The Right Kind of Ego
When we direct our ego toward the good of the team and not self-glory, we become unstoppable and capable of the truly remarkable.
On a chilly November afternoon in 1986, the New Zealand “All Blacks” Rugby team arrived in Nantes, France, to take on the French national team at the Stade de la Beaujoire.
France was eager to avenge a previous loss, and beating the All Blacks at any cost was its sole objective. Buck Shelford, a 28-year-old unlikely star, was making his debut appearance for the “All Blacks” at the No. 8 position. A third-row forward, No. 8 controls and directs the forwards from behind. In a scrum, he may extract the ball from the back using his hands.
But in one of those piles, Shelford got kicked in the scrotum and was left with an open wound. He played on before noticing a puddle of blood, his thighs covered in red.
Worse, Shelford finally observed his one testicle was left hanging outside of its breach — causing the team doctor to remove him from the game and administer 16 stitches. Once everything was returned to its proper place, Shelford returned to the game.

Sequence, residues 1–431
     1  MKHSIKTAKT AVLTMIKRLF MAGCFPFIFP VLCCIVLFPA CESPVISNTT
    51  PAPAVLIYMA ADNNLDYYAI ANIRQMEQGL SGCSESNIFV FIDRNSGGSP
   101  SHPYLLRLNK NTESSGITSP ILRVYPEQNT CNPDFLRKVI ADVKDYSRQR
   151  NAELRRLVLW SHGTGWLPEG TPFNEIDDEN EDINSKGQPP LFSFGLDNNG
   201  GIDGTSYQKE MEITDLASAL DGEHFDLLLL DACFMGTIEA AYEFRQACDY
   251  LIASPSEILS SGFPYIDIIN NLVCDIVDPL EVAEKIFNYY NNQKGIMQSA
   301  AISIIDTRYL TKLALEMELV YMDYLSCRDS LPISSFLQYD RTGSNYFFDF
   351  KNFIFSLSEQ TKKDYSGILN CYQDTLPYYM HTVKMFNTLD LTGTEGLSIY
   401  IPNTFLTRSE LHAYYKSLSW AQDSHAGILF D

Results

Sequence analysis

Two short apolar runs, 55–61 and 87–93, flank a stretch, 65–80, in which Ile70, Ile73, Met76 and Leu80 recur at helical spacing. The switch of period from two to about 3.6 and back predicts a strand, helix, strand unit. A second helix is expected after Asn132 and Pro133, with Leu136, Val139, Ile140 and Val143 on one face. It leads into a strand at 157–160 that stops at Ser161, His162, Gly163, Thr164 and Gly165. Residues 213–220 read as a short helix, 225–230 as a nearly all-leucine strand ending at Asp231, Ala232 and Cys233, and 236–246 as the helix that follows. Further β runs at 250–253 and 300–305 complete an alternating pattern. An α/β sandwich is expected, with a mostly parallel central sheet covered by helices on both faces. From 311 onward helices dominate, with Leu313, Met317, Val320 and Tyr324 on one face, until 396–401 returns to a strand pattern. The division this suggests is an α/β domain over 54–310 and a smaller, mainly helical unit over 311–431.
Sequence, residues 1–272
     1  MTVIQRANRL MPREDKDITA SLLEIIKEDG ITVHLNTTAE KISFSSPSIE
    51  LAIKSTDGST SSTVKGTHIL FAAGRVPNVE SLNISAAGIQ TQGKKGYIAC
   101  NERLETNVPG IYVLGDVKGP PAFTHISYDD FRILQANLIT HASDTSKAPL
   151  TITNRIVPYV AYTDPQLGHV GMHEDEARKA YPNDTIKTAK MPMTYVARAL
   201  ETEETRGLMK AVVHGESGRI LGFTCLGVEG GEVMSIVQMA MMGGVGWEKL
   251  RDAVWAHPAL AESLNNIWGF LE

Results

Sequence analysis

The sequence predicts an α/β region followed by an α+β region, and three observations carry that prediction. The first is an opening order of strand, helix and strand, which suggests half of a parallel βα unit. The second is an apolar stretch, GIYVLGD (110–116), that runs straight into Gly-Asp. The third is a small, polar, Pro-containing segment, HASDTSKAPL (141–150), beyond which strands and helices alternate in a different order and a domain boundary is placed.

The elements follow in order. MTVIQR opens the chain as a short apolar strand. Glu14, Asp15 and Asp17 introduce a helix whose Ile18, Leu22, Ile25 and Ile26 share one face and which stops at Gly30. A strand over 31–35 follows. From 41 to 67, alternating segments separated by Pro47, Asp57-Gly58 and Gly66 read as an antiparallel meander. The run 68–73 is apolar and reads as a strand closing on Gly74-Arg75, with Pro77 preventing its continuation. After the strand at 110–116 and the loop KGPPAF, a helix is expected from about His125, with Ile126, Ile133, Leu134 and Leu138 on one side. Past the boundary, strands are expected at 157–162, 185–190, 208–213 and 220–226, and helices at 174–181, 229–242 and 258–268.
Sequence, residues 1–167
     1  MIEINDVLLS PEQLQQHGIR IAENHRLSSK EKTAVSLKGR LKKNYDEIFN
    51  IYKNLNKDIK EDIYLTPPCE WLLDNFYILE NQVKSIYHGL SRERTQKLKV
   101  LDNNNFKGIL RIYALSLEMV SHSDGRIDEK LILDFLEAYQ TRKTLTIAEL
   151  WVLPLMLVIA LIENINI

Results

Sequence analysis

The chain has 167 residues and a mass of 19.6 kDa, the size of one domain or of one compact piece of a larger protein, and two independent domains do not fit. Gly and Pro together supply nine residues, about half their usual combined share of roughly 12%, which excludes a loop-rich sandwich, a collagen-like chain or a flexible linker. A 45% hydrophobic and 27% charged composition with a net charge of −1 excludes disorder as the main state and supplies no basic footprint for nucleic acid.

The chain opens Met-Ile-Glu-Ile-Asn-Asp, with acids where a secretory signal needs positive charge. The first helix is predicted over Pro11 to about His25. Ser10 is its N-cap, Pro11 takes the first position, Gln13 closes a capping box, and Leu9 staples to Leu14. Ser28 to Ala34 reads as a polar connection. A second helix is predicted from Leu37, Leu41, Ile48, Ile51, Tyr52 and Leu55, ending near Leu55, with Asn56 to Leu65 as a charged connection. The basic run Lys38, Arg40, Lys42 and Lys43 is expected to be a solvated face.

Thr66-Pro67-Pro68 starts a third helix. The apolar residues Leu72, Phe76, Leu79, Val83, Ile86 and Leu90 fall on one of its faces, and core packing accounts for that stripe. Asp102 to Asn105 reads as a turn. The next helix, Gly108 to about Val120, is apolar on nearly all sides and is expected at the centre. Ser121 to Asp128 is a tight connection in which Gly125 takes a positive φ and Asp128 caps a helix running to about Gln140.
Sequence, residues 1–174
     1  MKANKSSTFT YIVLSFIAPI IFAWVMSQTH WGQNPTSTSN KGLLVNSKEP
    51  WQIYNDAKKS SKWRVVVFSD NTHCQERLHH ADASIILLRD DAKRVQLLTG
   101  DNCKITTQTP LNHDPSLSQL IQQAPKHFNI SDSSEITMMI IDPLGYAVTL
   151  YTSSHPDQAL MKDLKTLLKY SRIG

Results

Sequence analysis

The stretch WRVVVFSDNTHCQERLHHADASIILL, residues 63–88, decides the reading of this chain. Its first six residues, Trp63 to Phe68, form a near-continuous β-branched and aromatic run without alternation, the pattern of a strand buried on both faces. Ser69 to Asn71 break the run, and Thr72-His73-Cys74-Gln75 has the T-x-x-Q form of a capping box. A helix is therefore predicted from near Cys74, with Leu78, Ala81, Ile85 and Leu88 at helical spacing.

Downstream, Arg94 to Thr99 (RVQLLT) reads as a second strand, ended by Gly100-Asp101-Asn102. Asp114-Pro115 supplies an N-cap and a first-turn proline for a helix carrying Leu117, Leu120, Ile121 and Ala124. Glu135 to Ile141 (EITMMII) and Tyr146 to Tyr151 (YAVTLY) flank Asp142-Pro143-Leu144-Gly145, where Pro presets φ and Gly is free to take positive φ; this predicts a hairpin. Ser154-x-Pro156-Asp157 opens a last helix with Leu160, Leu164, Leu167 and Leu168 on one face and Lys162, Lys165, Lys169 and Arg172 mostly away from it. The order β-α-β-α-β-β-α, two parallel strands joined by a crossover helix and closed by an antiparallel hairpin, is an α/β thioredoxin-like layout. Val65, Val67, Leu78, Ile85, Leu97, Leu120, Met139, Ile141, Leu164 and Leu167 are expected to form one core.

Shelford’s mental and physical toughness that day became legendary. His willingness to do whatever was required for the good of the team made him a national hero, something he never sought or expected. His actions were purely for the love of the competition and his brothers, not for praise or glory.
We don’t have to mirror Shelford's somewhat reckless behavior from that day, but we can replicate his love of team and the right level of ego he displayed.
Ego is often the greatest obstacle to self-actualization. It can prevent us from seeing ourselves objectively, listening to feedback, and accepting responsibility for our mistakes. It frequently leads to the belief that we're always right, that we should not change, and that we are entitled to everything.
But when we direct our ego toward the good of the team and not self-glory, we can become unstoppable and capable of the truly remarkable, as Shelford was that day in France.
Ego is only a bad virtue when it stands alone in our minds — when our intentions are purely self-motivated. When we use it to fortify the team, it can become an integral part of success.
Next time someone accuses you of having too big of an ego, remind yourself to direct those powers toward the team's goals.
You might be surprised by the results.
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